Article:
Each individual will feel a different connection to different aspects of their identity. This may relate to the identities you think about most often, or the ones you believe have the most impact on your daily life. For instance, if you are a U.S. citizen and most of your friends and family are U.S. citizens, too, you may not think about your citizenship status very often or how this could impact your day-to-day life. If you do not think about it often, you are also more likely to not consider or learn about the experiences of people of other immigration statuses.
Another reason social identities can be difficult to define is that how one sees themselves does not always correlate with how they are perceived by others. It is common for people to make assumptions about the people around them based on preconceived notions and on what visible or perceived, and therefore jump to conclusions about their identity. People’s interactions with colleagues, institutions, and systems are all informed by how people perceive them.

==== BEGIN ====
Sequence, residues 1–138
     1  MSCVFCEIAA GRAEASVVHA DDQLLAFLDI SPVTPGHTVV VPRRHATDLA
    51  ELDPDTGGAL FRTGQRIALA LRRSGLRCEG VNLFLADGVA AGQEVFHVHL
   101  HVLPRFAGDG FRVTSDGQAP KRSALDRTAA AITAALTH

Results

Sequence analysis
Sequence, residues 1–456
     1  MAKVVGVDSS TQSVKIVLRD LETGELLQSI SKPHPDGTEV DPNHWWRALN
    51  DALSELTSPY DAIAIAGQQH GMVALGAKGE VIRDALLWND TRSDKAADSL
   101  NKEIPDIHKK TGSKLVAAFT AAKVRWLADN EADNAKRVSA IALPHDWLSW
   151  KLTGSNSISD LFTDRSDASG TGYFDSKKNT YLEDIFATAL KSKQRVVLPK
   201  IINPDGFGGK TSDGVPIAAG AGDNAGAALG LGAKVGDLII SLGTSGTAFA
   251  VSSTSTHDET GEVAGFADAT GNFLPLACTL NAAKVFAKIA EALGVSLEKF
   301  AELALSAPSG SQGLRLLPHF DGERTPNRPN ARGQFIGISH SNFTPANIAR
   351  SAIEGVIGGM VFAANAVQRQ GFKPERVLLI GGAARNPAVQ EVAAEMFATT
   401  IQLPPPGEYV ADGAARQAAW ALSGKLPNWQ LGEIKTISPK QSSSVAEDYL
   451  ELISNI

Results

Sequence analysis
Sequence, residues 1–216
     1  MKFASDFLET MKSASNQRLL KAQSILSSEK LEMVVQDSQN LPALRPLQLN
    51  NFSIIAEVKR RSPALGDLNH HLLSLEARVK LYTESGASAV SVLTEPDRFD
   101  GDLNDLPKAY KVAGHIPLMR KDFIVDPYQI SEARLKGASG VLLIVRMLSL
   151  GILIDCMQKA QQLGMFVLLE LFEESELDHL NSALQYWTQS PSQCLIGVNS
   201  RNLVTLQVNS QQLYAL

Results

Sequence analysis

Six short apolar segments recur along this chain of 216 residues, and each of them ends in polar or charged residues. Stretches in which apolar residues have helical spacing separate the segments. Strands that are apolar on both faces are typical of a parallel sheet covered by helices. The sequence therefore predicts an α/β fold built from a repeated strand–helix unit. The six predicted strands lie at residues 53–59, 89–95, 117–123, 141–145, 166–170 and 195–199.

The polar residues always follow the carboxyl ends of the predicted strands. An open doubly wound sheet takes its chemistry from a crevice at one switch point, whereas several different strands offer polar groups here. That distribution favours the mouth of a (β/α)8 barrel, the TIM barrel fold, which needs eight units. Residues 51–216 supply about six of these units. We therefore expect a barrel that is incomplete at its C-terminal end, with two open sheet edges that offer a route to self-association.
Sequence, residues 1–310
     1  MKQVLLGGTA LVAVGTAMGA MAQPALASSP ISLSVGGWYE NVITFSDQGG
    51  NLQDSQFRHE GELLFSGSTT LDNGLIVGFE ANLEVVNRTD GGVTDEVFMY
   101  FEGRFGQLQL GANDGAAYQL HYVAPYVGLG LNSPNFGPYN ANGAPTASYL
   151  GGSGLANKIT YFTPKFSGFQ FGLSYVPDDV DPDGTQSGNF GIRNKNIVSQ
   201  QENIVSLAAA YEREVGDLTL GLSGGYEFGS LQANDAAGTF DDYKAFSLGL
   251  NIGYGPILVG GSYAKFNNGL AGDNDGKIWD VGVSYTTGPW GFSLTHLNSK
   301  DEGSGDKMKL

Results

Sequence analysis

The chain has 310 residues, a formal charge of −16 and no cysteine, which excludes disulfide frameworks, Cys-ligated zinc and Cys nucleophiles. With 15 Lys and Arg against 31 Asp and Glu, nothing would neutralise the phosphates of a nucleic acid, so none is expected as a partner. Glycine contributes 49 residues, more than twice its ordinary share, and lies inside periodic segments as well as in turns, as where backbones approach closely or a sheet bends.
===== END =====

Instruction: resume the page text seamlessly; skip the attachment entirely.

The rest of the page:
Social identity informs each individual’s relation to power and privilege
Identity plays a large part in how we move through the world, and therefore how people and systems treat us and the opportunities that are available to us.
Each of the social identities listed above interact with systems of advantage and oppression present in the United States. There are policies and practices engrained in our daily lives that benefit people of certain social identities over others, thereby maintaining the power held by those who are considered to have ‘privileged’ identities.